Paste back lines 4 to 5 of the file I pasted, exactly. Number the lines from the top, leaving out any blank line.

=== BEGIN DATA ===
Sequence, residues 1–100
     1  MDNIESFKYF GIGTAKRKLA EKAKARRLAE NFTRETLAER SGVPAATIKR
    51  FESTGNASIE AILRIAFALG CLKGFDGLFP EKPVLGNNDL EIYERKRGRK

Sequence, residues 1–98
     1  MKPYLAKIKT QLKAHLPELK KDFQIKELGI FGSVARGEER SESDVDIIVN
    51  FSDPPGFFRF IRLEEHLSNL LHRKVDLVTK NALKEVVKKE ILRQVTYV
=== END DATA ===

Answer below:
Sequence, residues 1–98
     1  MKPYLAKIKT QLKAHLPELK KDFQIKELGI FGSVARGEER SESDVDIIVN